From the IoT data boom, to the rise of cloud and security concerns, the conference brought to Monaco around 1,500 experts from over 100 countries.
CBR list five main takeaways from the event.
Colos at risk of dying
Opening the first Global Leadership Roundtable of the event on June 7, Byrne Murphy, chairman at data centre colocater Digiplex, issued a staggering warning to those in the industry.
He said: "Innovate or die, and you cannot put too much pressure on the engineering side as well."
Murphy’s remarks came as the data centre space is being faced with new challenges, be it the need to be closer to customers or more hosting space.
However, this is also calling for new business models and a higher need to create new technologies (such as ones related to power, cooling and other components of the data centre) to answer the needs of a growing digital world.
We’re about to live on the edge
A key message across the main keynotes in the Central Theatre of the Grimaldi Forum was that edge data centres are about to boom just as the IoT moves from hype to reality.
Mark Bidinger, president of Schneider Electric’s cloud and service provider segment, was one of the first to bring the topic to the table saying that "the future edge is closer to us" as IoT fuels growth in data streams.
William Barney, CEO of Global Cloud Exchange, also said that the rise of IoT and growth of cloud services will bring with it the edge data centre, leading to the need for networked hubs.
The ‘dark web data centre’ is real (so is the ‘dark cloud’)
The threat landscape in the IT space has never been so big, but the IT landscape has also never been this big. One attracts the other. And now data centres are also being targeted by the dark web.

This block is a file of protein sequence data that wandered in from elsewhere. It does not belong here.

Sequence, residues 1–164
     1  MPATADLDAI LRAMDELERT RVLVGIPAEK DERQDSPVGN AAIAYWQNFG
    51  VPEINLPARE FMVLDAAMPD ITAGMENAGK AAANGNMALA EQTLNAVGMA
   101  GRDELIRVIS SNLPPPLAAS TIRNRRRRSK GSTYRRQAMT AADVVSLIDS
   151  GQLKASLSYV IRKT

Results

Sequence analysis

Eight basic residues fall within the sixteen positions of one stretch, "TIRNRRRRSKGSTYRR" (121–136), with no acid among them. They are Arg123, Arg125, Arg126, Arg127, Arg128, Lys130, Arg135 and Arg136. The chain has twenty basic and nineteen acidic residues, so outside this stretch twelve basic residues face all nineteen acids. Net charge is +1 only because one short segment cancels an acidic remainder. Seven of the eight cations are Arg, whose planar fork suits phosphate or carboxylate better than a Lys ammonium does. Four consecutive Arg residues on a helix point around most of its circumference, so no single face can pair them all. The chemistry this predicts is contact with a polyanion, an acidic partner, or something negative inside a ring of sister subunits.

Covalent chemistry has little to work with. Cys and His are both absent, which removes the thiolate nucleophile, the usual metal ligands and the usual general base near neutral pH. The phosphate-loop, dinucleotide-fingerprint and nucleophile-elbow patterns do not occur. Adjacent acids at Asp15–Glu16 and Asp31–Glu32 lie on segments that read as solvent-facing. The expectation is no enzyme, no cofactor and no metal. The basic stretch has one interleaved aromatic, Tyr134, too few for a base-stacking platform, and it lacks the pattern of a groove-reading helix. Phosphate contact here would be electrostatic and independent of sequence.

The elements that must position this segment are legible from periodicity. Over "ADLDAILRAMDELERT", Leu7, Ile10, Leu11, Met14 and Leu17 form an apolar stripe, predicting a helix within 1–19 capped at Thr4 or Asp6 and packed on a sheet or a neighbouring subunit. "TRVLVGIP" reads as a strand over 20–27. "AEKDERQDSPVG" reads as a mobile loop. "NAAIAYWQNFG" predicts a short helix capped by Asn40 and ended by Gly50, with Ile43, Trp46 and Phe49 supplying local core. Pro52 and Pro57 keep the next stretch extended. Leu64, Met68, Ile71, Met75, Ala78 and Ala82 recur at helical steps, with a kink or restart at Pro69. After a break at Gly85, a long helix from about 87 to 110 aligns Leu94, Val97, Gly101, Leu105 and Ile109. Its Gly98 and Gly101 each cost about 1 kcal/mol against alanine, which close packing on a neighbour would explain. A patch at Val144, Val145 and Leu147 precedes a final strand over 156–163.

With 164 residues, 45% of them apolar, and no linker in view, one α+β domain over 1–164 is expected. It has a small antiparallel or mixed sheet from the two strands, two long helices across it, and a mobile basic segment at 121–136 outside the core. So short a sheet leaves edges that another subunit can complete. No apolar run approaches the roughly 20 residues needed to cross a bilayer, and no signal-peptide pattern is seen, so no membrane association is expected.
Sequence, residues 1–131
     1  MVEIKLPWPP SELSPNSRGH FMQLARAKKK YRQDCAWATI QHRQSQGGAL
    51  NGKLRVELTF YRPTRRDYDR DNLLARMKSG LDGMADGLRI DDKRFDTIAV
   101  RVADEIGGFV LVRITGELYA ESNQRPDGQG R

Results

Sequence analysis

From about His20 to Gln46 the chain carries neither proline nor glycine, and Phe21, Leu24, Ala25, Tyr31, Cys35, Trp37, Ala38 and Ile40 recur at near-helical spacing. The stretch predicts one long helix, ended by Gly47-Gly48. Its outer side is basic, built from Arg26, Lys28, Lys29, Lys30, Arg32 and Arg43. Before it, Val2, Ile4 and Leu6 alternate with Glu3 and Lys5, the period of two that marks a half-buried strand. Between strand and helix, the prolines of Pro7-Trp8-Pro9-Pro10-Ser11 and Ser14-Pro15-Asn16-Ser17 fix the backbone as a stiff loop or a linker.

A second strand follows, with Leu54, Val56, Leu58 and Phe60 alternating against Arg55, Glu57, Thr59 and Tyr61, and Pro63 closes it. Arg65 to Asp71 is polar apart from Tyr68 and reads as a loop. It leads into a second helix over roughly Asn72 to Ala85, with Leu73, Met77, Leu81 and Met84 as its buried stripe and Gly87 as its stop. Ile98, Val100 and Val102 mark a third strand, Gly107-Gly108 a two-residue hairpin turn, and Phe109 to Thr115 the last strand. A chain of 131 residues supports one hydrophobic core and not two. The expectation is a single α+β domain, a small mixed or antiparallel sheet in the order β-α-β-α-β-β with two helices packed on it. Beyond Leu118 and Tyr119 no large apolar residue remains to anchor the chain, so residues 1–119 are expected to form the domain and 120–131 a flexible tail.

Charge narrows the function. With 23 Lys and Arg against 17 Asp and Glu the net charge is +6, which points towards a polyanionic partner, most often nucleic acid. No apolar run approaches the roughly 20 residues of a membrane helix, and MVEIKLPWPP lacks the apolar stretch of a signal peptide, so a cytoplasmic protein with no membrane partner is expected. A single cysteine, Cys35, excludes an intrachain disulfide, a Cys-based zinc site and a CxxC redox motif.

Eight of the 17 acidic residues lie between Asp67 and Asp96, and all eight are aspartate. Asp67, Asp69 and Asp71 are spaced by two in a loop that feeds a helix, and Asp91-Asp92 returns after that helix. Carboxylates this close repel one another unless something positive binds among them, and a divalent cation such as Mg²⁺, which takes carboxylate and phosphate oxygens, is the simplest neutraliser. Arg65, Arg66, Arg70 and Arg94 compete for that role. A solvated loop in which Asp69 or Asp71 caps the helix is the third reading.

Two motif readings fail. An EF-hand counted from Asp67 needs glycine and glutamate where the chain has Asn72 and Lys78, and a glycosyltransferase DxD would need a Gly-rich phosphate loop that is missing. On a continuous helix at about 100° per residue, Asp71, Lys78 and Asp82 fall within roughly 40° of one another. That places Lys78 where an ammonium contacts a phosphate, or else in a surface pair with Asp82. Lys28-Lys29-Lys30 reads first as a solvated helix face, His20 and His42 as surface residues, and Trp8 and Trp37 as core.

Presenting at the conference and also speaking to CBR, Cameron Brown, an independent cyber defence advisor who has also worked with the United Nations, the Australian Government and the Australian Police on forensics, said that the connection of the dark web to the data centre is real.
"With data centres, or cloud in particular, it is really not that different from how you would might go against physical infrastructure. You look at information, you try to transform that into a commodity which you can sell to people, and you want to do it secretively, so you do it via the dark web."
As Brown explained, the dark web is essentially a marketplace to trade information that would not be accepted in legitimate economy.
CBR asked about concrete examples of data centres being targeted via the dark web. Brown confirmed but due to confidentiality could not give any concrete examples, simply saying that is happening and that "there is data centre information available in the dark web".
"The security holes in the cloud, are probably bigger than the ones you would see in the conventional in-house enterprise architecture. Because it is moving so quickly, and it is expanding, that security is not necessarily built in at the get go. It is sort of an after-thought".
The key recommendation Brown has given is that there is a need for a shared responsibility model – trust verification, understand the SLAs, understand "where accountability stops with the provider, and where accountability stays with the user or the consumer".
It is also important that data centre operators understand why others would attack their business. "Organised criminals might be leveraging information to other third parties for example. [You need to] Build a profile of yourself, a psychological insight into what the attacker is or who they are."